Tuesday, August 26, 2014

MOVIE REVIEW: BOYHOOD Is the Definitive Coming-of-Age Film

By now, everyone is pretty aware of the radical experiment writer/director Richard Linklater has undergone with his new film, Boyhood. It's been a centerpiece of the film's marketing, and the audience I saw it with were murmuring about it before the lights went down. While I was certainly intrigued by such a risky choice, it was how Linklater would use the real-life aging of his actors in service to the story and themes that brought me to the theater, and I was not only impressed, I was in emotional awe. Boyhood is the true definition of a magnum opus. It is such an achievement that I find it challenging to try and encapsulate everything that makes it so special, but I will try.

The story of Mason (Ellar Coltrane) and his family is so deceptive in its familiarity, but the fact that everyone actually ages and changes (physically and emotionally) brings a semi-documentary veracity that you can't fake. It transcends the simple concept of a story, resulting in a film that's better described as a series of snapshots into the lives of characters that feel all too real. That snapshot nature is never put on any kind of obvious display (no title cards or year dates), so you never feel like the central conceit is gimmicky or being shoved in your face. The film floats with such natural ease that it almost feels dreamlike. For a film bordering on a three hour length, it's a testament to everyone involved that the film feels so breezy and calm, and never once does anything seem extraneous or boring.

A lot of that attitude comes from the entire cast, who I wish could obtain a special award honoring them all. This is an ensemble of extraordinary talent, from both the adolescent actors and the adults. It's milestone material for Ethan Hawke and Patricia Arquette, who feel more believable than they have in years. Ellar Coltrane is engaging and I really hope to see more of him. Watching Mason figure out who he is and find his own unique voice is something everyone goes through, and he sells it with incredible authenticity.

There's an honesty present in the film which informs every moment onscreen. It leads to a whole lot of humor that isn't jokey or forced, but just feels like the little laughs you get throughout your daily conversations and encounters throughout life. That honesty swings both ways, making the bits of darkness and uncertainty land just as perfectly as the lighter fare. It's an astonishing balance that keeps the film feeling truthful. There's nothing stagey or melodramatic in the entire picture. Everything feels so... real.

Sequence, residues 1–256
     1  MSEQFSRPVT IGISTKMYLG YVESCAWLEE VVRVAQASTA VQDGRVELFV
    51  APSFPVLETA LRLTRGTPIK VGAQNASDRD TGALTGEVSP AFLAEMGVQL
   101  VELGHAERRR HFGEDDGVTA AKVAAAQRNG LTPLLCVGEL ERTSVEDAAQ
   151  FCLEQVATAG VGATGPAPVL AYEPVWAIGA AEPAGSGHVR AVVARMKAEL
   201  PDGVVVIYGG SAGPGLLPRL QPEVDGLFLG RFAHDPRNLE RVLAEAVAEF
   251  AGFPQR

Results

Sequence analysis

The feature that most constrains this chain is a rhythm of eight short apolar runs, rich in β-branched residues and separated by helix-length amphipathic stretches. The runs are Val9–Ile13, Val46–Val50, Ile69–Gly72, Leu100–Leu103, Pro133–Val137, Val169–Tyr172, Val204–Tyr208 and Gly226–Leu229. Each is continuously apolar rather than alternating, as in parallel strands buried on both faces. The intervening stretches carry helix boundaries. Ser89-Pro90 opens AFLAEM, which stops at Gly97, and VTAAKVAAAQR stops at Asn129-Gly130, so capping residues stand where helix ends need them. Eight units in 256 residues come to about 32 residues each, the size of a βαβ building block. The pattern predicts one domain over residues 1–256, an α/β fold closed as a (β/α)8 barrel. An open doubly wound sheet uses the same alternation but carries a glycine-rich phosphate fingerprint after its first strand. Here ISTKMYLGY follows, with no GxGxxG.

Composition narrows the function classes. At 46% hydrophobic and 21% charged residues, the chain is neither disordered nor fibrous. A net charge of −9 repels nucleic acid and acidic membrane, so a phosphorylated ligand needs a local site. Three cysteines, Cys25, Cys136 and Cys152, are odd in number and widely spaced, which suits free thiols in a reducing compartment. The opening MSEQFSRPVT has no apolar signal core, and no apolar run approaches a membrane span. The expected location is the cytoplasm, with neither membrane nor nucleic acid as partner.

One definable aspect of that reality is the world these characters inhabit. From the posters on the walls to the music played in cars to the video games being played, nothing is fabricated or out of place. Ten years from now, Boyhood will be a remarkable time capsule of an entire decade. Actually, it already is. This only adds more validity to how the characters experience their lives. I hate when a movie is set in present day and someone is playing a video game that was obviously crafted for the film. It makes it seem like the story is set in a parallel universe just slightly to the right of ours. Having all of the media and culture be genuine just bolsters the idea that this is film about real people.

Boyhood feels like the culmination of everything Linklater has done up until this point. It's almost as if his entire body of work was practice for this film. There's the vignette portrait of Texas life from Slacker, the youthful humanity and uneasy transition into adulthood from Dazed and Confused and SubUrbia, the dreamy contemplation of Waking Life, and the real-time progression of the Before films. It's so rare to see a filmmaker's entire oeuvre distilled into something that is even more profound and inspired than what came before.

I feel like Boyhood is going to be a film that will continue to pop up in my brain for the next year or so. The simple story of watching someone grow up is universally understandable, but watching it unfold with utter truth and unflinching devotion to its characters and their environment makes it a groundbreaking accomplishment. As of now, this is my number one film of the year.

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